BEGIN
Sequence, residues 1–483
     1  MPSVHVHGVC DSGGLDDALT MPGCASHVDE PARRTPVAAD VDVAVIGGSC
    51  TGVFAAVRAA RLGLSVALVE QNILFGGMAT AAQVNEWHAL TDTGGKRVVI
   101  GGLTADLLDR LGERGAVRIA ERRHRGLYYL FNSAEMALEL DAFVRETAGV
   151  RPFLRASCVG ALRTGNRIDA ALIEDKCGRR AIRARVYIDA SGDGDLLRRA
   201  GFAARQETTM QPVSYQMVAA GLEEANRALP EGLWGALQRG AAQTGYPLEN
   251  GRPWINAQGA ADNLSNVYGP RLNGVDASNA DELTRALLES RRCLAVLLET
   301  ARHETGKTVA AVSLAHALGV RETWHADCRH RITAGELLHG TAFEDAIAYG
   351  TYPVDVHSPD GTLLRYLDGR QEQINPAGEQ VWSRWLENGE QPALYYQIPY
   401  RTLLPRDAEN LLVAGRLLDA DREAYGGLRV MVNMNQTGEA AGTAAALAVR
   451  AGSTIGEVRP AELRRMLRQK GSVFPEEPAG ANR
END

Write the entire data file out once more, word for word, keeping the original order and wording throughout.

Sequence, residues 1–483
     1  MPSVHVHGVC DSGGLDDALT MPGCASHVDE PARRTPVAAD VDVAVIGGSC
    51  TGVFAAVRAA RLGLSVALVE QNILFGGMAT AAQVNEWHAL TDTGGKRVVI
   101  GGLTADLLDR LGERGAVRIA ERRHRGLYYL FNSAEMALEL DAFVRETAGV
   151  RPFLRASCVG ALRTGNRIDA ALIEDKCGRR AIRARVYIDA SGDGDLLRRA
   201  GFAARQETTM QPVSYQMVAA GLEEANRALP EGLWGALQRG AAQTGYPLEN
   251  GRPWINAQGA ADNLSNVYGP RLNGVDASNA DELTRALLES RRCLAVLLET
   301  ARHETGKTVA AVSLAHALGV RETWHADCRH RITAGELLHG TAFEDAIAYG
   351  TYPVDVHSPD GTLLRYLDGR QEQINPAGEQ VWSRWLENGE QPALYYQIPY
   401  RTLLPRDAEN LLVAGRLLDA DREAYGGLRV MVNMNQTGEA AGTAAALAVR
   451  AGSTIGEVRP AELRRMLRQK GSVFPEEPAG ANR